Use of penile injections also can reduce the curvature and pain, although multiple injections into the lesions are necessary over several months. The drugs used for injections include verapamil, collagenase, nicardipine, and interferon, all of which can disrupt the protein (collagen) that is key in the formation of the scar tissue. Not all of these drugs are equally effective, however.
Among the studies of penile injections are several that have used verapamil. One study of 156 men reported that about 60% of the patients reported a decrease in curvature and 71% said sexual function had increased. (Levine 2002) In another study, 94 men received an injection every two weeks for a total of six injections. At 5.2 months posttreatment, 18% of the men said curvature had improved, 60% reported stable curvature, and 22% said curvature had increased. (Bennett) Pain improved in all the patients.
Nicardipine is in the same drug class as verapamil, and studies indicate injections of this drug also are somewhat effective at reducing plaque size and improving both pain and penile curvature in some men. In one study, for example, 74 men were randomly assigned to take either nicardipine or placebo for a total of six injections given every two weeks. Plaque size was significantly reduced only in the nicardipine group, although penile curvature was significantly improved in both the nicardipine and placebo groups. (Soh)
Use of interferon has resulted in mixed results, with low rates of improvement and a high incidence of side effects. Collagenese injections, however, have been more promising. An early study showed 64% of men improved after 4 weeks of treatment (Gelbard), while a more recent study noted a statistically significant improvement in penile curvature and plaque size. (Jordan)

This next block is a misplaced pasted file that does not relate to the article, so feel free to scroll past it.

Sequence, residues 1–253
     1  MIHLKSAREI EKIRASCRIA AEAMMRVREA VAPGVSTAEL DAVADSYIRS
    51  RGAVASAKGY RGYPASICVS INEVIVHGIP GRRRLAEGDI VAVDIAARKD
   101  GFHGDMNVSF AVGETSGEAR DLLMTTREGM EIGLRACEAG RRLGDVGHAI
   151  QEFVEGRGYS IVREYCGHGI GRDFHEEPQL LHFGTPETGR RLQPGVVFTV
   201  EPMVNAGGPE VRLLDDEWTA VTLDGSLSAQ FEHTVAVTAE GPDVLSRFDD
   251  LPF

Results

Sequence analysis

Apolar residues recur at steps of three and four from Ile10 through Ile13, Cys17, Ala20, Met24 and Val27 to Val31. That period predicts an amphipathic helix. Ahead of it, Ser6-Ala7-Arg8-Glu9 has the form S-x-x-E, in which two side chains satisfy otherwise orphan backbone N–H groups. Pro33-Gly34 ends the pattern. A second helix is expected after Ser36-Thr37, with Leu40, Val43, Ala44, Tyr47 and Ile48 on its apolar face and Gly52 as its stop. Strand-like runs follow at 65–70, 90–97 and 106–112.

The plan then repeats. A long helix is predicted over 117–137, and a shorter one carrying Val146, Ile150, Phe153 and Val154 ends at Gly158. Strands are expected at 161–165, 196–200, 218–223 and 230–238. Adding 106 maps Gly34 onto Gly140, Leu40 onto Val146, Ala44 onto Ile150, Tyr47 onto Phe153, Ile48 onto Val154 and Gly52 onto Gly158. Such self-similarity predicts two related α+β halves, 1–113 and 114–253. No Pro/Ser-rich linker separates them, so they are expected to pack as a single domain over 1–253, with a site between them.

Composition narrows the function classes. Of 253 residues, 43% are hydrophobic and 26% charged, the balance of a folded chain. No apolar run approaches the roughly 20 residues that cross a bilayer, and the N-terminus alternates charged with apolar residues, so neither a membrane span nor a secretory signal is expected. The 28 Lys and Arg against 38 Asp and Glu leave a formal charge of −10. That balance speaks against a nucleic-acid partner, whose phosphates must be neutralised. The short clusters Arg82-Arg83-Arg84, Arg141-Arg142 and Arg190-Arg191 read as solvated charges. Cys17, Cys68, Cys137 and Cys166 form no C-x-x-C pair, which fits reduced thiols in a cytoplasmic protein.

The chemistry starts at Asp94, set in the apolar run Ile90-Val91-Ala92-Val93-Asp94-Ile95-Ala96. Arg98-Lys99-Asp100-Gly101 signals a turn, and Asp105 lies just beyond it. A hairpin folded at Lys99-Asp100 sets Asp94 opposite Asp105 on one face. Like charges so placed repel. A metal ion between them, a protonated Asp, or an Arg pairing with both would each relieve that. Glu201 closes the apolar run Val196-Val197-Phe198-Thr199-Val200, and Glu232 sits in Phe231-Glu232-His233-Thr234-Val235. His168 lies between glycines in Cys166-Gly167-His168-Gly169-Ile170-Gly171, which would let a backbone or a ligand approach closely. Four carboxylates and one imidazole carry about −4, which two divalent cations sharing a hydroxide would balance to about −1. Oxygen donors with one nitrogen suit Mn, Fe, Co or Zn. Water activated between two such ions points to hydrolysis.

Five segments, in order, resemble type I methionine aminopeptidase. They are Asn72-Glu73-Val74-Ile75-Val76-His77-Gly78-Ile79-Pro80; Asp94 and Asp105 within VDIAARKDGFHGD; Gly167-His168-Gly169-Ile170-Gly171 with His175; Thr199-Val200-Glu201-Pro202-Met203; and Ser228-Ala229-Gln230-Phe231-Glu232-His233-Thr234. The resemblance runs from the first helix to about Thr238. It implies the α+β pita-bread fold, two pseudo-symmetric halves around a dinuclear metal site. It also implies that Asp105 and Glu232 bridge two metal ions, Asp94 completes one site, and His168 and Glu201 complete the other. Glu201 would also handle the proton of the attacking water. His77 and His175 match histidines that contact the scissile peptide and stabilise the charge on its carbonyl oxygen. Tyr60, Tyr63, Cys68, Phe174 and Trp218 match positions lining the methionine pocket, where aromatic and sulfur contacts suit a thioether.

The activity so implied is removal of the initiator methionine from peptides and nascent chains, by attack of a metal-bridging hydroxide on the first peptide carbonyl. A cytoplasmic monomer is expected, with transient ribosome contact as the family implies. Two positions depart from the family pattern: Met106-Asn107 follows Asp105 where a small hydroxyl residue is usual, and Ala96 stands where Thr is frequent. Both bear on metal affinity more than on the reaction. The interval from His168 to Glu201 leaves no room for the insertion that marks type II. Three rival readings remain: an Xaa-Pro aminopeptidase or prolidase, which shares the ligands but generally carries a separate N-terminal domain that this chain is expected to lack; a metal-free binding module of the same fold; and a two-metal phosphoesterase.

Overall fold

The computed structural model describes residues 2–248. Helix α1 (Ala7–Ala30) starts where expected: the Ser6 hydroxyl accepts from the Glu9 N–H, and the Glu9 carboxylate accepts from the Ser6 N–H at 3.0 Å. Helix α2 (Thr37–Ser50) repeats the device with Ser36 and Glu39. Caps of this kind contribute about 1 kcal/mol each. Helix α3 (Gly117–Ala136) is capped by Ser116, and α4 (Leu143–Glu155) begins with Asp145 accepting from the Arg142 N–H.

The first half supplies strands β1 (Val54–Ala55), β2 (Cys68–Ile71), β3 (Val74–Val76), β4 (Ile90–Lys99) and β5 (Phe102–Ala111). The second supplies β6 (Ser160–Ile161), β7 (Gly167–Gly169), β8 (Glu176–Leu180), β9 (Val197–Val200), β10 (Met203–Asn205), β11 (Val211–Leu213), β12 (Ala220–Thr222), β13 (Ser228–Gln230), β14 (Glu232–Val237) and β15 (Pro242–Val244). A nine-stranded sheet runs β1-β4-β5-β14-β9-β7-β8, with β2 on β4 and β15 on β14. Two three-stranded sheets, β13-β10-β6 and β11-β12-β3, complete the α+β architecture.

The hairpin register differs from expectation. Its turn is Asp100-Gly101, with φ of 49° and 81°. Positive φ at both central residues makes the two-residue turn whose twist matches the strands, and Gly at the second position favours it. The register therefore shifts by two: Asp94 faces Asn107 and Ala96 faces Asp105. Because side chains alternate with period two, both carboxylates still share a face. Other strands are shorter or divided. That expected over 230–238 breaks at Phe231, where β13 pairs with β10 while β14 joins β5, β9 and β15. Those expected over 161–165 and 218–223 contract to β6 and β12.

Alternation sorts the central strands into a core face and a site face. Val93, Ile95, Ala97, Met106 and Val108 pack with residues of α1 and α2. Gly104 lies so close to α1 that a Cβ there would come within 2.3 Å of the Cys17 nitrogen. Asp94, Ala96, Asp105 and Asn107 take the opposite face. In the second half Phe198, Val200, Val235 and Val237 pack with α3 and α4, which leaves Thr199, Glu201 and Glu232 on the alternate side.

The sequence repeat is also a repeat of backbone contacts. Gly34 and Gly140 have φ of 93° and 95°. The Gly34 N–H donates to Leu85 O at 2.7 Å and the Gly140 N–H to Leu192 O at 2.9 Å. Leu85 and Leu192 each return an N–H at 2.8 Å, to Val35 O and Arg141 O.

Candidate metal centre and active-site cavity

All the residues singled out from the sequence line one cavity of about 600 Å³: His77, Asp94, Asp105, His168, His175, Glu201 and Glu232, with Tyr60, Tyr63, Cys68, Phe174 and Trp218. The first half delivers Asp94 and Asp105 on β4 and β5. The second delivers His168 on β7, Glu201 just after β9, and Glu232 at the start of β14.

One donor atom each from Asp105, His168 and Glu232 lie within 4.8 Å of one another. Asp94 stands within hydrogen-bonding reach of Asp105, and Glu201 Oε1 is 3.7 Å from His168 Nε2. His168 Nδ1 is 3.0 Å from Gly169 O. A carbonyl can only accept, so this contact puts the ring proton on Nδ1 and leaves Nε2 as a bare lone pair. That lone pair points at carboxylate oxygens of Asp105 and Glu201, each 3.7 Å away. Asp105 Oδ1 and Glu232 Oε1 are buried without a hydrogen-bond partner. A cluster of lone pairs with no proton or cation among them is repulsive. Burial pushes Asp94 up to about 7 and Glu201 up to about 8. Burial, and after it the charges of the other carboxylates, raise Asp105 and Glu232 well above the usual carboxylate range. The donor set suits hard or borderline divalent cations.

Nonsurgical and Surgery Treatments for a Curved Penis
A nonsurgical treatment approach that uses shockwaves has been controversial. Shockwaves are used to treat and break up kidney stones, so numerous studies have looked at how effective this approach could be in breaking up the plaque in the penis. Extracorporeal shock wave therapy (ESWT) for a curved penis has yielded mixed results. A study published in June 2010 reported on 157 patients who received an average of 3.5 ESWT treatments. One-third of the patients achieved significant reduction in curvature, while more than 90% of the men reported good reduction in pain and 6% had complete pain relief. No significant difference was seen in sexual function. (Busetto)
In a double-blind, placebo-controlled study one year prior, however, the results were not as promising. One hundred men were randomly assigned to either ESWT or placebo. At 12 weeks after treatment, mean plaque size and mean penile curvature degree had not changed in the ESWT group and showed a slight increase in the placebo group. By week 24, both mean plaque size and mean penile curvature were significantly higher in the placebo group compared with the ESWT group. This suggests ESWT may protect against disease progression.
Another nonsurgical option for treatment of a curved penis is penile traction. Only a few small studies have been conducted, and the results have been conflicting. Penile traction involves wearing a device with extender rods on the penis, whose purpose is to gradually straighten and extend the penile shaft. Men typically should wear the device for at least 2 hours per day, but more is recommended. Every few weeks, the rods are lengthened by a slight amount.
In one study, 10 men completed 6 months of penile traction therapy and reported improvements in both length (0.5 cm to 2.5 cm) and curvature (mean, 22 degree improvement). No side effects were reported, and the men were satisfied with the results and had an improvement on their IIEF scores. (Levine 2008) A subsequent study, however, also lasting 6 months, did not yield the same results. The 15 men in the study used the penile traction device for a mean of 5.5 hours daily but did not see a significant decrease in penile curvature, although there was some improvement in mean flaccid penile length (1.3 cm). (Gontero)
Surgery is an option for a curved penis if the curvature is severe or prevents sexual activity. Before surgery is performed, however, the curvature should be stable (not gotten any worse) for at least three months and other treatment options should have been explored, as there is no standard surgical procedure for treatment of a curved penis. Possible procedures include shortening one side of the tunica albuginea (the fibrous structure that plays a significant role in achieving an erection), lengthening one side with graft material, or implanting a penile prosthesis for men who have severe erectile dysfunction caused by a curved penis.